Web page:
Jung Ho Kang Is The Key To 2019

Kang must power Pirates if they even hope to contend

Matt Koll
February 26, 2019 - 1:21 pm
Jung Ho Kang

Kim Klement-USA TODAY Sports

“Championship teams typically are based on starting pitching and you win the games you are supposed to win because of your back end. And then you score.”

Pirates general manager Neal Huntington said this from Bradenton, Florida at Pirates Spring Training just a couple weeks ago.

I agree with Huntington’s sentiments here. The first part of this statement, the starting pitching, you have to feel good about.

Jameson Taillon is coming off his first full, healthy season in the Majors and went 6-2 with a 2.18 ERA to go along with an 8.6 strikeouts per nine innings rate in the last two months.

Trevor Williams finished with a lower season ERA (3.11) than Taillon (3.20) and emerged as a steadying force. Chris Archer was the Pirates’ big trade deadline move and many believe that a fully healthy season of Archer (hernia surgery in November)  settled into PNC Park will yield great results, similar to his work in Tampa Bay where he was once a Cy Young candidate.

The “back end” or bullpen featured the Pirates’ lone All-Star from 2018 in Felipe Vazquez closing things out with set-up man and former closer Keone Kela being added to the mix at the deadline last year.

Kyle Crick and Richard Rodriguez proved to be overall pleasant surprises out of the ‘pen last year as well.

But Huntington didn’t stop his quote there. 

“And then you score.”

There’s the rub with this Pirates team.

In 2018, the Pirates finished 20th of 30 teams and 10th of 15 National League teams in runs scored.  They finished 8th in the NL (16th in MLB) in slugging percentage and a meager 9th in the NL (17th in MLB) in OPS.

All those numbers point to this: The “and then you score” part didn’t go so well and needs to be a lot better in 2019. 

As you scan the Pirates roster and projected depth chart wondering how in the world this team is going to score more runs, there is one name that should pop off the page.

A man who’s capable of things no other hitter on this roster is capable of, was completely taken out of the mix last season and is---in my opinion---the key to the 2019 Pirates being able to contend in any way.

Jung Ho Kang.

Why?

To start, whether Jung Ho Kang produces or not, the NL Central got MUCH better this offseason. 

The defending Central champion Brewers filled a hole at catcher by signing Yasmani Grandal and then re-signed third baseman Mike Moustakas to one-year deal.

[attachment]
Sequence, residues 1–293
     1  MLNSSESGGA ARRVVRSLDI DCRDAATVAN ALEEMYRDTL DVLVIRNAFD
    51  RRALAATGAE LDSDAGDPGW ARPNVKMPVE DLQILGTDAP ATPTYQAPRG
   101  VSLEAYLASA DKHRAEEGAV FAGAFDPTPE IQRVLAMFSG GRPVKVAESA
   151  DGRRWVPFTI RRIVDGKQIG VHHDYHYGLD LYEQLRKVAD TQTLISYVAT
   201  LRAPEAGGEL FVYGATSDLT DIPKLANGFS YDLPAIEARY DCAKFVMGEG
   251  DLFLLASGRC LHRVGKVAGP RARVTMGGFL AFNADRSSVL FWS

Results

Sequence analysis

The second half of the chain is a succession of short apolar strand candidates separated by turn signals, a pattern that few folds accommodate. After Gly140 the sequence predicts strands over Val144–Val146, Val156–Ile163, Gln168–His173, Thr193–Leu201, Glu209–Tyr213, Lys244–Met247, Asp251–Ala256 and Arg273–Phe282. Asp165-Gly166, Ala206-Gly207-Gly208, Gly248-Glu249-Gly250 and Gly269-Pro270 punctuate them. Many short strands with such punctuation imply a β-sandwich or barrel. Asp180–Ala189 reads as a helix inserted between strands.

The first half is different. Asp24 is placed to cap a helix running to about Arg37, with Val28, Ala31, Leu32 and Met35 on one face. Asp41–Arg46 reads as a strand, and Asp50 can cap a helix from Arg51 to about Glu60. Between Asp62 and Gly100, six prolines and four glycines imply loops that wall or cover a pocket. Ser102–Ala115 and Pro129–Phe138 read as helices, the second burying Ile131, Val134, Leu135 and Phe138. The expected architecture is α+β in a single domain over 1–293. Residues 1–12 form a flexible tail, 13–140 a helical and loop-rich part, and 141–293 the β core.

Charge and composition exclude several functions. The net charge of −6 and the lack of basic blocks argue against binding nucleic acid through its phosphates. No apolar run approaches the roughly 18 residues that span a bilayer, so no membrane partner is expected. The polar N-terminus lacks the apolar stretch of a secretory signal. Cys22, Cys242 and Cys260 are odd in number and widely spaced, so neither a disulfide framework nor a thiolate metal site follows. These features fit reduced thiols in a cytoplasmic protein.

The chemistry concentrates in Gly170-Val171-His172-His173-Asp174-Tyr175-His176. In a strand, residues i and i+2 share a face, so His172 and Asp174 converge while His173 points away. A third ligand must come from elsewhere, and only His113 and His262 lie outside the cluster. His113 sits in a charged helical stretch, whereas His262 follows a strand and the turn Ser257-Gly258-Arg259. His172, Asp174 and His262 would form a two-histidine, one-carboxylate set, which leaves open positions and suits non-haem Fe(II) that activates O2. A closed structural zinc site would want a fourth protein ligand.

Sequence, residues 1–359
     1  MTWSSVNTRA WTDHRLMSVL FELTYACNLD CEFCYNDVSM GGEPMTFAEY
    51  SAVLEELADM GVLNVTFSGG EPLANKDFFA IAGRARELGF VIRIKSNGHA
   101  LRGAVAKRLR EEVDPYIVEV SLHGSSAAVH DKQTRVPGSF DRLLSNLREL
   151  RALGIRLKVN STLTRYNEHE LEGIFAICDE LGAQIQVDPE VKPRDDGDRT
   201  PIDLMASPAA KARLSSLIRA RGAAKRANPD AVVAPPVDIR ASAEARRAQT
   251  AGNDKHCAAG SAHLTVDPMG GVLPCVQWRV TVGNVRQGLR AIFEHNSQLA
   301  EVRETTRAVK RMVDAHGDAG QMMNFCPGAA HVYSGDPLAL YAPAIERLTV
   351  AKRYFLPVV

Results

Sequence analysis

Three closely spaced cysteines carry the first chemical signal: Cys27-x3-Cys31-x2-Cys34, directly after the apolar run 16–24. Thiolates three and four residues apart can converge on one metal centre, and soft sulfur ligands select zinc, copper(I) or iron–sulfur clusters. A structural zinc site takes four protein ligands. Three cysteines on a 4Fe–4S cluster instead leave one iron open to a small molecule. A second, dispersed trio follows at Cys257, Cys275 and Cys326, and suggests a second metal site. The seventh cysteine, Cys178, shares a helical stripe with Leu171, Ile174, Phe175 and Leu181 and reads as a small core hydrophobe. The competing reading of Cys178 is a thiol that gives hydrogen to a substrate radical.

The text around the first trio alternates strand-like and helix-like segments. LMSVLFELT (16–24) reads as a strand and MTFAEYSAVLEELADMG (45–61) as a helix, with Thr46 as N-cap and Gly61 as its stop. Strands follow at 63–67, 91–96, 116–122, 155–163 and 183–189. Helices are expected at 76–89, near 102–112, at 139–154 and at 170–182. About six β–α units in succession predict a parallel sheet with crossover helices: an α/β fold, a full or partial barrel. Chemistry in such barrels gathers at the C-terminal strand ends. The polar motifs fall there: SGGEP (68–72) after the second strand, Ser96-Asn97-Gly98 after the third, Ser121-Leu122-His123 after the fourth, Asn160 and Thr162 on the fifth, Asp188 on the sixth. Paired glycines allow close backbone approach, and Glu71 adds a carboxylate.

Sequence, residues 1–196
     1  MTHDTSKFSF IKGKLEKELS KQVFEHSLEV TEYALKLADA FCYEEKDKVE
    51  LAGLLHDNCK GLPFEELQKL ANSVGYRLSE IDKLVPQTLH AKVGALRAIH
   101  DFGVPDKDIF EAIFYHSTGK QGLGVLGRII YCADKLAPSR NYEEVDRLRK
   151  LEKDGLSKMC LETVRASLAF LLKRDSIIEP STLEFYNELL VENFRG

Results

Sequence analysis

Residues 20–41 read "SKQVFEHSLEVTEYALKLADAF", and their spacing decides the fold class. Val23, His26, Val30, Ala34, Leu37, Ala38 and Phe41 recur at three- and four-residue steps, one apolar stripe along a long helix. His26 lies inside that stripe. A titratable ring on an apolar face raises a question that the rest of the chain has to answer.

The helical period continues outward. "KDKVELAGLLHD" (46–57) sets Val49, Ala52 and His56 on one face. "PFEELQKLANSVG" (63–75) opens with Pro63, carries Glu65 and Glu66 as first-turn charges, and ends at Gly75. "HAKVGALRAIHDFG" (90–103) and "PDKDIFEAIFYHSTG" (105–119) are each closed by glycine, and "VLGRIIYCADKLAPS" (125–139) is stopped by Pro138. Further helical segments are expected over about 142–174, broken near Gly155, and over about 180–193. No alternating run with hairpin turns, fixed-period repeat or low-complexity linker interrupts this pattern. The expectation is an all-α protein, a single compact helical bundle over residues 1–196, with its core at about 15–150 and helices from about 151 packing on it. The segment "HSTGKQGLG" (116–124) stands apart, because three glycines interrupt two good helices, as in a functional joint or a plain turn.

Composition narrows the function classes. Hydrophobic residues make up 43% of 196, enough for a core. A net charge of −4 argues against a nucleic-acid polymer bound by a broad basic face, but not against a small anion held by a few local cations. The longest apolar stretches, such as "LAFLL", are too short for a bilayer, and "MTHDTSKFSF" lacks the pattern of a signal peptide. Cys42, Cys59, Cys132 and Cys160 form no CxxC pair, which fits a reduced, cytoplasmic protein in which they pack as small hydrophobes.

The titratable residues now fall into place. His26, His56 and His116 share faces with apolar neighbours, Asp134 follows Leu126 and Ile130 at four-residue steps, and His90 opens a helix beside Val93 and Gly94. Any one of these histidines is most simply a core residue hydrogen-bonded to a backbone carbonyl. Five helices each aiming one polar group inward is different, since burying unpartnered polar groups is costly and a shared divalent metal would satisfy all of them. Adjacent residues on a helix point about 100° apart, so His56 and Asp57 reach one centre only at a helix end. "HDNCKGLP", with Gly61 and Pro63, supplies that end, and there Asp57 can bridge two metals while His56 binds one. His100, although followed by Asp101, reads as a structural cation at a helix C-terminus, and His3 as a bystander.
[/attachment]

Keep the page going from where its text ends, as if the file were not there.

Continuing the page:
The Cubs have been relatively quiet, adding RP Brad Brach and 2B Daniel Descalso. But let’s not forget they have an ace coming back from injury in Yu Darvish.

The Cardinals retained all major assets, traded for All-Star 1B Paul Goldschmidt and signed All-Star RP Andrew Miller.

The Reds went crazy, trading for SP Tanner Roark, SP Alex Wood, OF Yasiel Puig, OF Matt Kemp and SP Sonny Gray.

The Bucs need the bats to compete now more than ever with fresh talent appearing on the schedule more frequently.

In that continued scanning of the depth chart you’ll notice a theme: inconsistency and questions.

Francisco Cervelli and Gregory Polanco’s health issues, Josh Bell and Starling Marte’s production fluctuations, first-time starter questions with Kevin Newman/Erik Gonzalez and Adam Frazier.

Kang is a huge question himself, but his upside is much higher because he brings more of something than anyone else on this roster has proven to.

Power.

Let’s not forget that Kang forced his way into the Pirates lineup in his rookie season of 2015 by hitting 15 homeruns and hit 21 in 2016 in just 102 games. Give him 150 games at 4 at-bats per game and that’s about 32 homers on the year.

Anybody else on this roster going to give you that? Scanning, scanning….

Polanco hit 23 last year before injuring himself on that absurd slide into second base that by the way is going to keep him out to start the season. The most Starling Marte has hit in a year is 20. Josh Bell hit 26 in ’17 but after last year’s 12 homer campaign…can you really trust he’ll hit over 30 this year?

A few weeks ago, MLB.com’s Adam Berry projected the Pirates everyday batting order to feature Bell in the cleanup spot, a role to be filled by a power bat. 12 homeruns doesn’t get it done.  

If Kang can hit close to 30 homeruns with table-setters Frazier, Marte and Dickerson in front of him, that lineup suddenly looks a lot better. In today’s launch angle and power-driven league, the Pirates desperately needed that kind of bat last year and never got it.

Here’s their chance.

Jung Ho Kang is the X-factor. In 2018, the Pirates run producing options were now injured and rehabbing Gregory Polanco, Starling Marte who’s shown that asking for more than 20 HR’s is unrealistic and corner infielders Colin Moran and Josh Bell who combined for 23 HR’s.

In Kang, they can achieve better lineup stability, power at a corner position and pop to increase those runs scored and OPS numbers from 2018 to get this offense performing at an acceptable level.

Also in Kang, they have a third baseman with a troubled past who hasn’t played at the Major League level in two seasons outside of six at-bats.

But if the Pirates want to contend and at the very least play meaningful games in September, I believe Kang is the key.

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